Response to the Industrial Strategy – Creative Industries Sector Deal

Industrial Strategy – Creative Industries Sector Deal

Set out below is my response to the recently published (March 2018) Creative Industries Sector Deal that forms part of the Government’s industrial strategy. The document can be downloaded at: https://assets.publishing.service.gov.uk/government/uploads/system/uploads/attachment_data/file/695097/creative-industries-sector-deal-print.pdf

1 Analysis of the Creative Industries Deal

The first step in any strategy formulation is to ask and answer two questions:

Where are we now?

Where do we want to be?

It appears that the first question is for the main part addressed by the recommendations in Sir Peter Bazelgette’s “Independent Review of the Creative industries” in 2017. The second question is answered by the stated goals for each section of the Creative Industries Deal, places, ideas, business environment and people:

Places – developing more world-class creative industries clusters to narrow the gap between London, the South East and other regions.

Ideas – sustain growth: achieve forecast Gross Value Added (GVA) of £150bn by 2023.

Business Environment – sustain growth: forecast GVA of £150bn by 2023. Boost job creation: higher than average growth rate implies 600,000 new creative jobs by 2023.

People – strengthen the talent pipeline to address current and future skills needs, as well as ensure that it is more representative of UK society.

The flaw is there is no mention of the performing arts generally in terms of orchestras, opera, theatre West End shows and in particular a musician as creator, sole trader and promoter. In 2012/13 there were 4,094 jazz musicians active in the UK. In 2010 there were 869 active jazz promoters and 3,473 active venues who promoted jazz. The creative industries in the UK is an ecology and it seems that crucial parts of the ecology have been left out in the Creative Industries Deal. It would appear that in the creation of the Creative Industries deal they omitted to ask of the performing arts “where are we now”? and “where do we want to be?”

The only reference to musicians was the mention of the Momentum Fund operated by the Performing Right Society Foundation. The fund has funded 215 artistes since 2013 but there were 3,316 applications which give a success rate of 6.5%. The fund will support recording, touring (UK only), marketing and marketing promotions but not touring abroad. There appears to be no analysis of arts and culture that I can discern.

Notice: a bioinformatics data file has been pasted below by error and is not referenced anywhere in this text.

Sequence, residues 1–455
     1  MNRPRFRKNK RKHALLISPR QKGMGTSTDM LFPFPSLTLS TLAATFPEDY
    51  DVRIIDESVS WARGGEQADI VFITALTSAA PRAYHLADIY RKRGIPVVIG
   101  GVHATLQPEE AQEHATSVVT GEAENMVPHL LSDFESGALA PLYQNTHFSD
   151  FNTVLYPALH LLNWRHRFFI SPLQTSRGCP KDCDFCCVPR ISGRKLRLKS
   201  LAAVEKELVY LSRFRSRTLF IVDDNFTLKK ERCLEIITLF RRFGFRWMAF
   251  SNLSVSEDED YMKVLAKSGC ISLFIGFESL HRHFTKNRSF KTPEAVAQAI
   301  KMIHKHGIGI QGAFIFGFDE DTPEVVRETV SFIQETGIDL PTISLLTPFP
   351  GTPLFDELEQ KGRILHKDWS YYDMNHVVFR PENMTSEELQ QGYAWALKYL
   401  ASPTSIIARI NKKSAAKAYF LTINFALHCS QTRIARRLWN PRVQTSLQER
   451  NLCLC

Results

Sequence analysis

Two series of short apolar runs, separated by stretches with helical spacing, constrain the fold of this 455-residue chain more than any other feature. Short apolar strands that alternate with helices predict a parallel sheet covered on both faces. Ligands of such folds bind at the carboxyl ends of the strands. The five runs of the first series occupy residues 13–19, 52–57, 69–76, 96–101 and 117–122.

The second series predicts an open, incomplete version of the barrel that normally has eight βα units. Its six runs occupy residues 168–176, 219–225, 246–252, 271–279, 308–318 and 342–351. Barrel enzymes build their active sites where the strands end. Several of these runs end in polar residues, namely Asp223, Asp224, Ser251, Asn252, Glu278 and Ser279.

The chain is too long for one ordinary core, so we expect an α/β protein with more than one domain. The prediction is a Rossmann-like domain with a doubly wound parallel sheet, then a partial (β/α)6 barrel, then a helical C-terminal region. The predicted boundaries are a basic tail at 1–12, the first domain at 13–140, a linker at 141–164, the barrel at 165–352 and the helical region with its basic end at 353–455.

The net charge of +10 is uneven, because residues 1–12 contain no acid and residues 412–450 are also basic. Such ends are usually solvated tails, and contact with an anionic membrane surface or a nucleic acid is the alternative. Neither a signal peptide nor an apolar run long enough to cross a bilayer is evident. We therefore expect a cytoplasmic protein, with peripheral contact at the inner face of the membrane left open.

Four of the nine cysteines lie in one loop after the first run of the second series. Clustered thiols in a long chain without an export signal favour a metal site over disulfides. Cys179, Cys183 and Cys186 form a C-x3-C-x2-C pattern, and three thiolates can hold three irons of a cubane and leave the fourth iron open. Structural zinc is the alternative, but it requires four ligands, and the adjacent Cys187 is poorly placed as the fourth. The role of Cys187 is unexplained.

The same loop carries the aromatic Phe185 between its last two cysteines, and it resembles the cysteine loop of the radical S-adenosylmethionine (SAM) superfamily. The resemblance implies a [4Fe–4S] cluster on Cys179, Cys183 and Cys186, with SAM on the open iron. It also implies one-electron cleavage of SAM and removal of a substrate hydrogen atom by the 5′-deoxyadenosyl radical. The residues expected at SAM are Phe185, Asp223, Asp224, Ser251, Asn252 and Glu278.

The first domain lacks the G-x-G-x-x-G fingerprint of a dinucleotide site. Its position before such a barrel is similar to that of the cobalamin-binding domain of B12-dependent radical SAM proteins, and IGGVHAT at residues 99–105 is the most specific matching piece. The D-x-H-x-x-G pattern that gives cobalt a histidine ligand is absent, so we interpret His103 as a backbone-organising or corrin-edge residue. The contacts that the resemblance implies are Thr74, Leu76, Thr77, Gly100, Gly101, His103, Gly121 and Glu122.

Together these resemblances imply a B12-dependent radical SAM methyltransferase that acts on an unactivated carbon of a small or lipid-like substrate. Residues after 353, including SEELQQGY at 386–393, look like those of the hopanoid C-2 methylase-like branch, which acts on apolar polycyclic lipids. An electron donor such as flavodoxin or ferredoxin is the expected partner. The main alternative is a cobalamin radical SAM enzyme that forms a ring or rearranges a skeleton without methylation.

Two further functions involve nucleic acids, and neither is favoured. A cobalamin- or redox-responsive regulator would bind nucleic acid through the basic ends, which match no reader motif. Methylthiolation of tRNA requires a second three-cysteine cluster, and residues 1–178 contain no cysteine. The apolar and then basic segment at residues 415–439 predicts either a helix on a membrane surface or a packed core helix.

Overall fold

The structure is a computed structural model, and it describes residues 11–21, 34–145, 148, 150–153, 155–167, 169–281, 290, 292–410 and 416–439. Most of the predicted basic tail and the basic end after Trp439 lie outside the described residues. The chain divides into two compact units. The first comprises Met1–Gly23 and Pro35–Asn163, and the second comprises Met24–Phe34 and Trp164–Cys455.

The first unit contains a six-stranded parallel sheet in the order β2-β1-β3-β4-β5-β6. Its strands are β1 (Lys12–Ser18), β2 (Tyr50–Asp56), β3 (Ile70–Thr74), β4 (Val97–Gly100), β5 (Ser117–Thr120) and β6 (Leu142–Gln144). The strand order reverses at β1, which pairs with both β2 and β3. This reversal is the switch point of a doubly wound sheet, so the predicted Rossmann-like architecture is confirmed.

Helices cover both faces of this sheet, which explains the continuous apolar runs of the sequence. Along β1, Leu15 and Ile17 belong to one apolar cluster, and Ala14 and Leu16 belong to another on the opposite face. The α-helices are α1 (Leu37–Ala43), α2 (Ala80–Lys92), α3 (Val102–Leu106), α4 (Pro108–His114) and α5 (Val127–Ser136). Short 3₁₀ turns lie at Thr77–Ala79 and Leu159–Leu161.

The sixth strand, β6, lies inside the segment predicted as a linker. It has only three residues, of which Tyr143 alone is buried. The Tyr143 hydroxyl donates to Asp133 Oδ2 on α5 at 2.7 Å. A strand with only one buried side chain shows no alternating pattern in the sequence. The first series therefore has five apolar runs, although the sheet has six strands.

For jazz there is a clear need for:

Promoting excellent music (whether tours, gigs, festivals)

Developing current and future audiences

Leading and supporting education

Building strategic partnerships and networks

From the report of the needs of the community published by Jazz Services in 2016 the following was identified that also chimed with the Arts Councils goals in their strategic plan, Great Art and Culture for Everyone

“1.1       Broadly speaking the needs expressed by respondents fall into two main areas.  The first area highlights the problems of performing Jazz in the current economic and cultural climate and the second concerns the future of Jazz in the UK ten and more years hence.  In terms of the Arts Council England’s key objectives the needs of Jazz in the UK are as follows:

1.2        Funding.  While large events such as major jazz festivals have the resources and expertise to secure funding, smaller events and organisations struggle.  There is a need to help small organisations with the process of securing the funding they need.  Additionally Jazz must receive its fair share of the funding that is available.  Jazz Services has been widely praised for its activities.  Goal 1

1.3        Audience.  Many respondents complain about the problems of attracting and retaining new audiences.  This is all about marketing Jazz, appropriate venues and programme content and the use of new and existing media to reach the audience. Goal 2

1.4        Sponsorship. In reality, with many Jazz related organisations already run on a shoestring there is very little scope for cutting costs so there should be vigorous efforts to attract sponsorship from all available sources. Goal 3

1.5        Management and equal opportunity.  Some initiatives, both urban and rural, highlighted in this report, have been very successful in promoting Jazz and increasing the number of gigs available for young musicians to perform in, audiences have also increased.  Nationally however there are minorities who do not have sufficient opportunities.  Typically females and black ethnic groups are under-represented in all roles but another group feeling excluded is the Traditional Jazz performer. Goal 4

1.6        Education and Participation.  To many, educating young people is of supreme importance for the long term health of Jazz in the UK  Once again there are pockets of optimism where young people have been inspired to play Jazz, some university departments and local education authority arts organisations are thriving, but so much more needs to be done.  Provision of music and instruments in schools is a top priority, not just for Jazz, but for all music genres.  However while children and young people are enthusiastic about playing music of all types there are problems for young people when it comes to participation in Jazz as part of an audience. Goal 5.

The full Jazz Needs Report  is available at:http://www.chrishodgkins.co.uk/wp-content/uploads/2015/01/Final-Report-Jazz-Needs-16th-September-2016.pdf

Chris Hodgkins

2nd April 2018